Anyone who has done a Google search on private cloud servers and HIPAA compliance has likely come across dozens of companies that promise their services are compliant with HIPAA. This is a good thing since it means there are many choices out there. It also means that the industry is aware that HIPAA compliance is needed on their servers, which is a second excellent sign.
The problem is that not every company touting itself as HIPAA compliant is actually compliant. It also doesn’t mean you don’t need to do the required research to determine if a service meets all of the requirements to be HIPAA compliant. That is still your job. Because of that, we’re going to help you by explaining what to look for to ensure your storage company has HIPAA compliance with protected health information.
Cloud service providers may claim to be certified HIPAA compliant, but this is something to watch out for. The truth is that the United States Department of Health and Human Services, which is responsible for HIPAA, doesn’t recognize any certification programs for cloud service providers. The companies with this certification may or may not actually have the required security need for PHI.
Instead of looking for certification, look for a provider with the right processes and controls in place that comply with the needed HIPAA requirements. One of the ways to do this is to choose a provider that undergoes an annual independent audit of its cloud infrastructure and data center operations. This will provide a breakdown of particular audit criteria used by the entity responsible for enforcing compliance with HIPAA.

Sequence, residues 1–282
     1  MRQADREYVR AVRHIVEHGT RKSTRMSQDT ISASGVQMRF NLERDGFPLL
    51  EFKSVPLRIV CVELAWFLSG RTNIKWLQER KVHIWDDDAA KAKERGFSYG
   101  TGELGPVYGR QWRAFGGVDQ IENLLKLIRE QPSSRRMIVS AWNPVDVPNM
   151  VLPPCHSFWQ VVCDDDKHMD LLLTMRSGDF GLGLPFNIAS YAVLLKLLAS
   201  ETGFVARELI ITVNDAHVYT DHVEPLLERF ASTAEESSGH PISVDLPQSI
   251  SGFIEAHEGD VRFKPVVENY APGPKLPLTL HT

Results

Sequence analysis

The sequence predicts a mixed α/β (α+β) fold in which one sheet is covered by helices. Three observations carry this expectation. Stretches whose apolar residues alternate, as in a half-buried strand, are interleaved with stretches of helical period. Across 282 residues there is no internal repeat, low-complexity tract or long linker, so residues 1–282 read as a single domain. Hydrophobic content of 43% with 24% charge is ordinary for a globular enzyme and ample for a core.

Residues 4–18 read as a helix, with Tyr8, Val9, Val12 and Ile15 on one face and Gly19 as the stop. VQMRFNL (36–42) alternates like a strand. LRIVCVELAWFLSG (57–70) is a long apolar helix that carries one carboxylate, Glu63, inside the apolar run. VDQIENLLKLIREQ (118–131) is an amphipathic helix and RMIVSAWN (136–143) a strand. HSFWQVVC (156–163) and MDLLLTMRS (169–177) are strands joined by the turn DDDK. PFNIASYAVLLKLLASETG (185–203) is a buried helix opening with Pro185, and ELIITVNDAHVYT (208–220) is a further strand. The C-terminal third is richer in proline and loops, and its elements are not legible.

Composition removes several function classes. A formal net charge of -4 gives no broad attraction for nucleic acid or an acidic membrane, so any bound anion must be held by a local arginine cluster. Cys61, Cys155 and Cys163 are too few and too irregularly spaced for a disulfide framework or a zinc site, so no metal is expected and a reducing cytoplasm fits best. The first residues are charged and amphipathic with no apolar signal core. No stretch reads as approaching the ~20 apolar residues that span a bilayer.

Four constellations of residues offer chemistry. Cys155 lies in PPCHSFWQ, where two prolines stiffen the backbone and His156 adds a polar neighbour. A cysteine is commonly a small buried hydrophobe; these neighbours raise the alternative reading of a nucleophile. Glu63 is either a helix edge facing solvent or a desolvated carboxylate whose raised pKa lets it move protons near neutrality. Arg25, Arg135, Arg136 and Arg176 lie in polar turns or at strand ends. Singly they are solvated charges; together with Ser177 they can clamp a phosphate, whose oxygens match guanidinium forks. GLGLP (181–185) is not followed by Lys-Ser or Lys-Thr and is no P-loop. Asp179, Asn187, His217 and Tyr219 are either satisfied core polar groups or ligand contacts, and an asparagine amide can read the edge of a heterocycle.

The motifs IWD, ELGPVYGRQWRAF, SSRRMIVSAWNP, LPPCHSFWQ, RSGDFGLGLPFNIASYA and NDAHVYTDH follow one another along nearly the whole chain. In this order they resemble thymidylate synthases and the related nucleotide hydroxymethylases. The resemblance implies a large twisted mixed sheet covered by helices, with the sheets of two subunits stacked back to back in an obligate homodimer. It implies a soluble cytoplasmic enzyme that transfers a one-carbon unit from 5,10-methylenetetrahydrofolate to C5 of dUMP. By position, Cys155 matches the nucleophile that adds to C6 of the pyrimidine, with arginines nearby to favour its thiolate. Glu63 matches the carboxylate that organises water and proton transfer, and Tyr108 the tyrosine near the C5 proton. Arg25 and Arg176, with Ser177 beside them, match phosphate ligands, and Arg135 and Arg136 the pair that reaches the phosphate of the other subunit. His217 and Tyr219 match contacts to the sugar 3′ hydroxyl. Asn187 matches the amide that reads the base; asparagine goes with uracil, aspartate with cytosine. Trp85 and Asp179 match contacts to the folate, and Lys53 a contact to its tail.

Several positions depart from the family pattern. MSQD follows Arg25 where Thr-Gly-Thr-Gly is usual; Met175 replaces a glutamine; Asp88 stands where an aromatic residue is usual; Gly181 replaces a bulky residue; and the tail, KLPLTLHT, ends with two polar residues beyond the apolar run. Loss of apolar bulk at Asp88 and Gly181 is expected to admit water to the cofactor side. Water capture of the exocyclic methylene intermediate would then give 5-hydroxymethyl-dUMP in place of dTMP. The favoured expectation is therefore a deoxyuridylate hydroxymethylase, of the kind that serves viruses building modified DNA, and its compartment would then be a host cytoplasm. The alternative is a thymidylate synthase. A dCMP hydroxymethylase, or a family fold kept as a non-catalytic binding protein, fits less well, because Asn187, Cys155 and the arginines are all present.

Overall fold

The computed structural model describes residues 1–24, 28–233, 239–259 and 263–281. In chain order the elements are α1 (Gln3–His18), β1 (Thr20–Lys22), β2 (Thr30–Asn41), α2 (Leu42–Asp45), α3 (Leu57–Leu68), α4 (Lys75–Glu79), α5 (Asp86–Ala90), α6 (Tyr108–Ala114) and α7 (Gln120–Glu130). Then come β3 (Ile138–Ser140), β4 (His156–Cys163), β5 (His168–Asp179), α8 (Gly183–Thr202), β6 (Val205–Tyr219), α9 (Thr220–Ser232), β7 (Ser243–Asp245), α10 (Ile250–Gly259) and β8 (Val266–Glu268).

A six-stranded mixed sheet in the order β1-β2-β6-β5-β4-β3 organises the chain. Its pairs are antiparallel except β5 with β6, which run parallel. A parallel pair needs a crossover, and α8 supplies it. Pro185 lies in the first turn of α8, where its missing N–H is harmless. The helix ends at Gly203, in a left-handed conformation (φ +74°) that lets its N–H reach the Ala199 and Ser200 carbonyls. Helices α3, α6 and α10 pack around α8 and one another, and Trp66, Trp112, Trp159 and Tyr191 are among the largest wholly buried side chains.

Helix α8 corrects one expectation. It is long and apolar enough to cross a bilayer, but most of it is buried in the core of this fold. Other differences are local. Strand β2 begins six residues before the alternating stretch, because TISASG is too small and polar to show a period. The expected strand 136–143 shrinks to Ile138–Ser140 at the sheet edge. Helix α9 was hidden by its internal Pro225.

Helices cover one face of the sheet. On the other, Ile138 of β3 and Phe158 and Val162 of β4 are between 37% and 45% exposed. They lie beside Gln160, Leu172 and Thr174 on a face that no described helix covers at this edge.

HIPAA Compliance Definitions
Those who are a covered entity under HIPAA have to comply with specific requirements. Business associates are anyone who performs functions or activities that involve disclosing or using PHI. One of the rules states that: “a data storage company that has access to protected health information (whether digital or hard copy) qualifies as a business associate, even if the entity does not view the information or only does so on a random or infrequent basis.”
Get a Business Associate Agreement (BAA)
Your service provider needs to provide a written contract, called a business associate agreement, as it will be handling PHI on your business’ behalf. This is crucial to have. The BAA explains what a supplier will do for the entity and that it will adequately comply with all HIPAA requirements to protect security and privacy of PHI.
One of the ways you can ensure that your provider understands your HIPAA requirements is by reviewing its HIPAA audit report on compliance. This is an audit that is conducted by a third-party to ensure the cloud service provider is doing everything correctly in regards to HIPAA compliance. The OCR Audit Protocol was adopted in 2012 and has a set of guidelines for the auditor. When viewing this audit, there should be all 169 requirements of HIPAA covered.
Encryption of Protected Health Information
Encryption is one of the best practices when it comes to data security. It is not mandatory according to HIPAA rules, but it is something that should be considered. If your data is somehow lost or someone gains access to it, when it’s encrypted, they won’t have access to the actual information.
Of course, there are other things to consider when choosing a HIPAA compliant cloud server provider, but this is a great start. As more healthcare companies become interested in moving to the cloud, more cloud providers are also involved in capitalizing on their business. Make sure you find one that offers exactly what you need when it comes to the cloud and HIPAA compliance options.